He chuckled. “Fancy letting a passel of wogs try a Cinnabar citizen — and an RCN officer besides!” he said, sounding exactly like the sort of hearty, prejudiced officer that so many of his colleagues were in fact. “And sure, the charge would be treason — but treasonously trying to take a world away from the Alliance isn’t the sort of business an RCN court martial gets too worked up about, not so? Certainly not to the point of hanging anybody.”

“But then you decided to murder two RCN officers,” said Adele. Gibbs’ head jerked toward her again. “Not to put too fine a point on it — us. That’s a different matter.”

“That was quite a clever piece of work, you know,” Daniel said, nodding in appreciation. “Keying the shorting strips to the test frequency of the portable landing controller that you added to the files before you turned them over to Brown. You know, it seems to me you might have gone high in the RCN if you’d put your cleverness to better use.”

“Gone high?” Gibbs said bitterly. “Don’t make me laugh! I was going nowhere. I was going to rot here on Zenobia for the rest of my life — unless they found a worse posting for me.”

“And it wasn’t clever to try to kill us by a method that pointed straight to you when it failed,” Adele added. She wasn’t acting: Gibbs was getting a clear view of the reality of the way her mind worked.

She coughed primly. “Just as you needn’t worry about torture,” she said, “you needn’t worry about a court martial. If you refuse to cooperate, we’ll simply release you.”

“From a thousand feet over the Green Ocean,” Daniel said. “Fair is fair: that’s what you tried to do to us.”

“What is it that you want from me?” Gibbs said in a monotone. His eyes were closed. He opened them and added with more animation, “Can you let me loose, please? My legs at least, so I can move them?”

“You’ll remain as you are until you’ve satisfied us,” Adele said. The corner of her mouth quirked. “Or fail to do so, of course. Tell us precisely what the Palmyrenes are doing, if you will.”

Gibbs looked at her in amazement. Did he think she was mocking him by being courteous? She had been raised to be courteous. She regarded the practice to be basic to civilization.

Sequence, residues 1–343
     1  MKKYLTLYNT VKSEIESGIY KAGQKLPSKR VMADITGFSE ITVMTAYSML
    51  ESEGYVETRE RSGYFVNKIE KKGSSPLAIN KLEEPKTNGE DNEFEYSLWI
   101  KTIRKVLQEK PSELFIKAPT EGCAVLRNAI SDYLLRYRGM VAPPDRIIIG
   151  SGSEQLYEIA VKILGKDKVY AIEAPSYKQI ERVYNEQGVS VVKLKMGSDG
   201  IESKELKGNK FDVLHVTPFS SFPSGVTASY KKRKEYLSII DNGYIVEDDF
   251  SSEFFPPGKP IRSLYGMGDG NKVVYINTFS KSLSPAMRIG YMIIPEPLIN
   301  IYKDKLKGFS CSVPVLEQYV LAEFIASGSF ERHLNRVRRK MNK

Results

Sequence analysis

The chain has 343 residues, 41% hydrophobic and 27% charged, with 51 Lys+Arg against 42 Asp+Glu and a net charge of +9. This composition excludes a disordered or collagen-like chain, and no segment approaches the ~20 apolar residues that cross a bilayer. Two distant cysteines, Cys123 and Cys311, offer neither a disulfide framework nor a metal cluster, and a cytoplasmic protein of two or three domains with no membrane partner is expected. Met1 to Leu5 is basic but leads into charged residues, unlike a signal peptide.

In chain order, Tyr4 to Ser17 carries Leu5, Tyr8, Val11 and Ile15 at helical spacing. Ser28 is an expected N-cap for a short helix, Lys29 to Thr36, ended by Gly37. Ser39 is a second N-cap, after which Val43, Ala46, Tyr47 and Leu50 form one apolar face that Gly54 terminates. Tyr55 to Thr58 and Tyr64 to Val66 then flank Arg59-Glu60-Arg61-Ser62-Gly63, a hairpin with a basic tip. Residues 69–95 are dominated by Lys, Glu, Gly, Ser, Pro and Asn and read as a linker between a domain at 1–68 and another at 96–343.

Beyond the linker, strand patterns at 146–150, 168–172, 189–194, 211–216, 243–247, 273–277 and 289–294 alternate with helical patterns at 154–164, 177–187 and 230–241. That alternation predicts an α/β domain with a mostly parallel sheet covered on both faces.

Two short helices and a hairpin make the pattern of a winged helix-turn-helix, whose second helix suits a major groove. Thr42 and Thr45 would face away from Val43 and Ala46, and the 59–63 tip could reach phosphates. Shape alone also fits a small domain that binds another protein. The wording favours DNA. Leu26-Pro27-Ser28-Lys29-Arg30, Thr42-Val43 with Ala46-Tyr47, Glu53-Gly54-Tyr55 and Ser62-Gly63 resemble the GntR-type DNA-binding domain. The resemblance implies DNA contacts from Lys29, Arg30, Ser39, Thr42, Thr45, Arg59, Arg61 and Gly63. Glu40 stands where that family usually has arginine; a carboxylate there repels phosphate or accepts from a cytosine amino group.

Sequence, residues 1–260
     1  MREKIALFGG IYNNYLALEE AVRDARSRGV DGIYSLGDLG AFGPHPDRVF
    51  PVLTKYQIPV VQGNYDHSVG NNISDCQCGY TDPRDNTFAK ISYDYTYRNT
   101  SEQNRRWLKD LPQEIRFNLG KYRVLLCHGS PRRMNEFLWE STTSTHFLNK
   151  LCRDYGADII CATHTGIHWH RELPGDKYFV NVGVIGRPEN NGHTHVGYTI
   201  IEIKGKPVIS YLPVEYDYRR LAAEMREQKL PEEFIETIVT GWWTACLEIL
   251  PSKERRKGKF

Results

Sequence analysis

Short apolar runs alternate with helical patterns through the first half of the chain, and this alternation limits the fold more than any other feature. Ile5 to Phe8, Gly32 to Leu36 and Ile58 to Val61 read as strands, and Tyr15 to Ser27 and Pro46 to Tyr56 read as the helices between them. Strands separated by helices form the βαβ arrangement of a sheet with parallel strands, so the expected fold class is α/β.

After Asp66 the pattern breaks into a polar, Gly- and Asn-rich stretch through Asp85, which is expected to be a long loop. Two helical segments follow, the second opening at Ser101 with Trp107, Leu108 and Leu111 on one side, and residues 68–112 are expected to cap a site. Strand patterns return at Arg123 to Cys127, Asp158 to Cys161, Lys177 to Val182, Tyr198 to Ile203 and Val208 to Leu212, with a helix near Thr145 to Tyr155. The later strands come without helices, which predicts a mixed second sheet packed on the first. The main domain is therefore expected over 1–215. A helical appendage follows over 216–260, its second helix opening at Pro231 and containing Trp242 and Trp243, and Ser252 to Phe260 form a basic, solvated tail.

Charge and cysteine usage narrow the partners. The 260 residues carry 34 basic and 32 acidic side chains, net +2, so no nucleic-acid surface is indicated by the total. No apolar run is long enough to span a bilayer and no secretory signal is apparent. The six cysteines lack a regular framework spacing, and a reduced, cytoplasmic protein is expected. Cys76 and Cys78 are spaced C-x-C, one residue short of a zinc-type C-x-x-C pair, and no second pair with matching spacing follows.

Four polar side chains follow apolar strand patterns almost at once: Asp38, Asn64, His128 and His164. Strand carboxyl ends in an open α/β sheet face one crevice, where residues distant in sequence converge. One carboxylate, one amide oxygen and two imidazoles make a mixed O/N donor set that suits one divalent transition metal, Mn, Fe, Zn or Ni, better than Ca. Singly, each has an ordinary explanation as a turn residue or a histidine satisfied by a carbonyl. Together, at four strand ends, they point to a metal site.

Adele smiled at the man, in her way. She was perfectly willing to shoot him, of course. She had shot people who simply happened to be standing in the way when she needed to move fast. They had been enemies by political definition, of course, but they were complete strangers to her personally.

But she wouldn’t have mocked those people, living or dead. Nor would she mock Gibbs.

Her train of thought may have shown on her face. The prisoner seemed to swallow something sour.

“I bought land for them three hundred miles south of the city in Commissioner Brassey’s name,” Gibbs said. “It’s just called the Farm. I pretended that I was just a flunky and that Brassey was milking the secret account to create a retirement estate for himself. Of course there wouldn’t be any recourse. The Alliance wouldn’t extradite him to Xenos for trial, you see.”

“Go on,” Adele said. There were many references to “the Farm” in the information she had gathered, but she hadn’t had enough time to process them. Besides, she hadn’t had a context. Without a context, it was very possible to mistake a grocery list for an attack plan — or vice versa.

“The smart part was me — pretending to be Brassey, I mean — developing the land illegally,” Gibbs said. “So the secrecy and the bribes to customs officials — and to the Alliance Resident — everybody understood. The Commissioner was bringing in advanced farming equipment that he’d bought with embezzled money, so of course he’d want to keep it quiet!”